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By Pastor Don Nagy

“I had just finished my very first week as a youth pastor and I decided to take my family on a trip to see great grandma. On the way there, I witnessed a terrible accident.

A woman on a motor scooter was a few hundred yards ahead of us (heading down hill) when she suddenly lost control of the scooter, started zig-zagging and swerving all over the road, and finally flipped the scooter.

She and the scooter bounced and rolled down the road and I quickly pulled over to the side of the road to help. My wife ran into a nearby gas-station to call 911 and I tried my best to tend to the woman.

She was not in good shape. She was not wearing a helmet and was bleeding all over. Another man joined me at the scene and we began to direct traffic and tried to comfort the woman as much as possible. I prayed with her, and for her, as we awaited help which came very quickly.

As rescue workers began to arrive, my role was quickly reduced to by-stander. As I stood watching, I noticed a teenaged boy sobbing on the other side of the road. I made my way over the boy and started talking with him and found out that it was his scooter that had flipped. <?p>

Apparently, he had let this woman borrow it for a ride but she had some severe cognitive developmental issues and he knew that he probably shouldn’t have let her ride it. He was distraught with guilt, remorse, fear, and sorrow. He was clearly shaken.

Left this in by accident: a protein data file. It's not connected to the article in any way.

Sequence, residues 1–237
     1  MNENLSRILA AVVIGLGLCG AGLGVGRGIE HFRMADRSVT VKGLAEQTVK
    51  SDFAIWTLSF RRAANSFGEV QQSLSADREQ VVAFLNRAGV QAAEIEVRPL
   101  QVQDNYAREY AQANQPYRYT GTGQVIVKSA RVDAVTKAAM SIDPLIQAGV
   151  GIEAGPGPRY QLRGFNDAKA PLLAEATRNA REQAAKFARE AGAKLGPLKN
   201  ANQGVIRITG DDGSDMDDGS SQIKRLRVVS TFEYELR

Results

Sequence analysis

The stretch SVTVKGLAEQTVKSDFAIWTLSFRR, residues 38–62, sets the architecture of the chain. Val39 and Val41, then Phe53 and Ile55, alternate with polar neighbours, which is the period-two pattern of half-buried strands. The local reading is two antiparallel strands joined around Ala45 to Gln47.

I talked and prayed with him for a bit before the police made their way over to the boy for questioning. The scene was quickly cleaned up, the woman was taken away in an ambulance, and there was nothing left for me to do now but continue the drive to great grandma’s house.

A few minutes into the drive, I was struck with this startling thought: “I have no idea how this story is going to end!”

I had no idea who the boy was, I had no idea who the woman was, I had no idea where they had taken her, and I didn’t even know what town I was in! I would probably never see any of them again and I would have no way of knowing how their stories had played out.

It was then that I almost audibly heard God say “Welcome to ministry. You may not always get to hear the end of each story. You may not always know the impact of your actions. You might never get to see all of the results, or find out what happens next, or hear how these lives turn out. Your job is just to be faithful and minister to the needs that I bring your way.”

That is our call as servants of Jesus. To be faithful. Always. Everywhere. And to leave the rest in God’s very capable and loving hands.

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